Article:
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Instead of sorting this out and attracting talent, there is an attempt to reduce the current strength of teachers by a drastic rescheduling of teaching workload, something you call the Academic Performance Indicator (API).

Teachers with 15 to 17 periods (hours) of teaching per week (inclusive of practicals and tutorials) are now being given impossible teaching schedules ranging from 22 to 24 hours of direct lectures per week.

Those under the illusion that 15 to 17 hours is inadequate work need to understand that delivering a 55-minute lecture factors needs hours of preparatory work. Reading up on the subject and then writing out a lecture take considerable time on a daily basis. This also holds true for structuring tutorials or conducting practicals.

Over and above this, is the onus of internal assessment, where teachers correct tutorials and term exam papers for classes with student strengths varying from 61 to 150. As of now, teachers at Delhi University clock up more work hours in comparison to university teachers anywhere in the world.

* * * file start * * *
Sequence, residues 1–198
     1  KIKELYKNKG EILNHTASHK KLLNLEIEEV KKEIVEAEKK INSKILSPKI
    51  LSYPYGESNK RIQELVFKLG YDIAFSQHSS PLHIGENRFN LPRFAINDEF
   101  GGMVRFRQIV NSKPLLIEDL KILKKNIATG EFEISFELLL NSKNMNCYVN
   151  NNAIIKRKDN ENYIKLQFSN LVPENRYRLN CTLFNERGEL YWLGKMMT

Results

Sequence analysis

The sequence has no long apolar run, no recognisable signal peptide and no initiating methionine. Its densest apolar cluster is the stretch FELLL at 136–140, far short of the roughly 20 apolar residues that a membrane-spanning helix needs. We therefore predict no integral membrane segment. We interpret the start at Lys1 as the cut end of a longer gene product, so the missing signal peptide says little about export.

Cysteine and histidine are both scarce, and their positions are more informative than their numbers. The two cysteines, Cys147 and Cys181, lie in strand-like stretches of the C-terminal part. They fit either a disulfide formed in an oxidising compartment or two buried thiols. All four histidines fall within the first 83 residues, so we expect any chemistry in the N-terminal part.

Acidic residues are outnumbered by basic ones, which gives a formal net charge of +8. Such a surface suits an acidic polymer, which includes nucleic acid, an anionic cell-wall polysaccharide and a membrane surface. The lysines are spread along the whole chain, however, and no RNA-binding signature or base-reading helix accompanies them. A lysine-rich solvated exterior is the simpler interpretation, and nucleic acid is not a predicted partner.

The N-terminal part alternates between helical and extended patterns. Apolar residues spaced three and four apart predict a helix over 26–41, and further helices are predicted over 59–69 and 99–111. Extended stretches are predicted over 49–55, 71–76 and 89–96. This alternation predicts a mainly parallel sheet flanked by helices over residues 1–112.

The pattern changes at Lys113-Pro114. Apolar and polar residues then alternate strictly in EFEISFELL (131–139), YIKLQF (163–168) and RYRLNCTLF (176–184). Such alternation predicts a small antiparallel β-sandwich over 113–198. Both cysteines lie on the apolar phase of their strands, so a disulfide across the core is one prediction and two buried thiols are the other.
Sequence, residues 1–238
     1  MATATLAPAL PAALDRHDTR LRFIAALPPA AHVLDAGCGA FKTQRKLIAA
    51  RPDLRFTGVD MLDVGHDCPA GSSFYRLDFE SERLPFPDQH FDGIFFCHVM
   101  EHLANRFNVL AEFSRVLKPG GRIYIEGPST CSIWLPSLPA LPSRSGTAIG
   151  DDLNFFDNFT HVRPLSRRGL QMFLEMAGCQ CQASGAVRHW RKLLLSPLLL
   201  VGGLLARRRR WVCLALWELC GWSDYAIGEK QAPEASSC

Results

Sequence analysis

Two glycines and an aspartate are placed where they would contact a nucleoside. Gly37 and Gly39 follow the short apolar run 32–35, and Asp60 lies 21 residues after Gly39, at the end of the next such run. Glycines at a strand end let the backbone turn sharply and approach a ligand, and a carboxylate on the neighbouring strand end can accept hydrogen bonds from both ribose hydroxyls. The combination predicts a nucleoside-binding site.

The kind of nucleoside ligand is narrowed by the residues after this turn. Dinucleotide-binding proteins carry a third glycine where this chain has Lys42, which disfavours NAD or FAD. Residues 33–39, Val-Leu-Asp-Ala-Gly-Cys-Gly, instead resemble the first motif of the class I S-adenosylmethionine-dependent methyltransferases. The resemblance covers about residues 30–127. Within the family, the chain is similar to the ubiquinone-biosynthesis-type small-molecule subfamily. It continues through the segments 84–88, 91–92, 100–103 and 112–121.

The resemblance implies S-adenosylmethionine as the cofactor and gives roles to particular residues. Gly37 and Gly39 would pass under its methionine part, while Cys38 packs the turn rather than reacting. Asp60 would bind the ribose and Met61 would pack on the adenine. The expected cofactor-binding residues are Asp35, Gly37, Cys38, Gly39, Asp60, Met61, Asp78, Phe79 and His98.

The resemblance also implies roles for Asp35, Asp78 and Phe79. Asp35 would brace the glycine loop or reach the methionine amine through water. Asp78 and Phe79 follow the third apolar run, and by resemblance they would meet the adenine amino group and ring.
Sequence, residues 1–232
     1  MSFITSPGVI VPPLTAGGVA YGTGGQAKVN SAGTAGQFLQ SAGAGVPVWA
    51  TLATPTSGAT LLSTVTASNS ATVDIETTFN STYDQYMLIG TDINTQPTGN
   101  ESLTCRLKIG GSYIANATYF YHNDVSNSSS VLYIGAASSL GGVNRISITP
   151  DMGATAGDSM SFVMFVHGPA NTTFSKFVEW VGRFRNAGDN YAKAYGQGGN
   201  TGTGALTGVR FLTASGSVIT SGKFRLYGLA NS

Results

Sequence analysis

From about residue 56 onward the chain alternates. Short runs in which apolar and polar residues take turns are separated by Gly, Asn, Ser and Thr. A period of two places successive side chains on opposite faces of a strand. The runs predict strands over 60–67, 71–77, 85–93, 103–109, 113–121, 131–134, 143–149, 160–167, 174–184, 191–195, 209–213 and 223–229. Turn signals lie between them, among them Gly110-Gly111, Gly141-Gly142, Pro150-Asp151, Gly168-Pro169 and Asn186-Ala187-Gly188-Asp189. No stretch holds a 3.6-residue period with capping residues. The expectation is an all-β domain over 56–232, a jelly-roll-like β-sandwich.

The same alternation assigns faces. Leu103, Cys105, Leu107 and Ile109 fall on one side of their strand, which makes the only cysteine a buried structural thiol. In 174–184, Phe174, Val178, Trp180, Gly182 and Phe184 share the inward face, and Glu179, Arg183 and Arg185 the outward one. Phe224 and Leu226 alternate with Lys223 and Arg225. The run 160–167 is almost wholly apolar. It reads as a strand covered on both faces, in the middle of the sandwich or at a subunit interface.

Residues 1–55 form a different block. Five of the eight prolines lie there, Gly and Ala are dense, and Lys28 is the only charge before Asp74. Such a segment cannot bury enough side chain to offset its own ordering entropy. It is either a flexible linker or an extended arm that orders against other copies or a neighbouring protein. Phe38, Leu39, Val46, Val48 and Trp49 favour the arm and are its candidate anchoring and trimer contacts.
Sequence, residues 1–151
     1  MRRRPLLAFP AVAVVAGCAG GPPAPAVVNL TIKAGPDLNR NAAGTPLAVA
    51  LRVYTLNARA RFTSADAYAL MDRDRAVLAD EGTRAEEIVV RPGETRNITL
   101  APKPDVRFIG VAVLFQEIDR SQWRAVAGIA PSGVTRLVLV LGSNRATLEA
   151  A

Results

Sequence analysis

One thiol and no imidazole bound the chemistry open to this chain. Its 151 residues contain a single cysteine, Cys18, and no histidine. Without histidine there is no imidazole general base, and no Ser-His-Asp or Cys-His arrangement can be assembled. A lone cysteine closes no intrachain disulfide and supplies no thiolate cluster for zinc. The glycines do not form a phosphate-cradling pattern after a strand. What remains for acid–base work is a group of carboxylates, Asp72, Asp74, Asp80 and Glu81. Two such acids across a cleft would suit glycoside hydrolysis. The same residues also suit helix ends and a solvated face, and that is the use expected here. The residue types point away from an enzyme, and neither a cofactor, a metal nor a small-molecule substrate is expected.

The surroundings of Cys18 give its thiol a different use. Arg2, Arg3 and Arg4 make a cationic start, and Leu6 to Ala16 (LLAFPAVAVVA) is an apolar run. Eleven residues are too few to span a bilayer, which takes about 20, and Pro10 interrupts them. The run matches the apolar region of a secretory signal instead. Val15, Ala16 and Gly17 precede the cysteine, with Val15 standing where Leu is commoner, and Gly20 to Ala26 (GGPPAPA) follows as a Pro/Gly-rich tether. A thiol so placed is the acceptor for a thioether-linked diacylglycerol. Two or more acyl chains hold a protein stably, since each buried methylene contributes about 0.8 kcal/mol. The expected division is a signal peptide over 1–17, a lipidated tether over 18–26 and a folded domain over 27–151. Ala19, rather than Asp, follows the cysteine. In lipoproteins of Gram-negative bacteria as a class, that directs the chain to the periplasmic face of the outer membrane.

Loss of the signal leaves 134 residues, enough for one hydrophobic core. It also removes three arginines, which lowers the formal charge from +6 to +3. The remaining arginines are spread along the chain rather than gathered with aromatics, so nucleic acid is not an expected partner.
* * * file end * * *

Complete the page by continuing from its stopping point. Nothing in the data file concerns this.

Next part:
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Meanwhile, the UGC sends us cheery advice suggesting that each teacher should mentor 25 students and take responsibility for their emotional and mental well-being.

Mentoring takes place within tutorials and practicals where students are met in smaller, interactive groups. Mentoring is based on providing learning and skill drawn from expertise in a specific subject. No university teacher is automatically qualified to be a counsellor. Formulations of this nature, reveal total unfamiliarity with the requirements of university education.

The framers of new policies are exceedingly poor at maths. Two hours of practicals cannot be added up to make a single hour! Twenty-four hours of lectures translates into 4.8 lectures per day.

At a conservative estimate, two and a half (2.5) hours preparation time is required per lecture. The average teacher will spend around 10 hours in daily preparation. Six more hours are scheduled per week for tutorials, remedial teaching and administrative work under the schedules indicated in the new UGC gazette.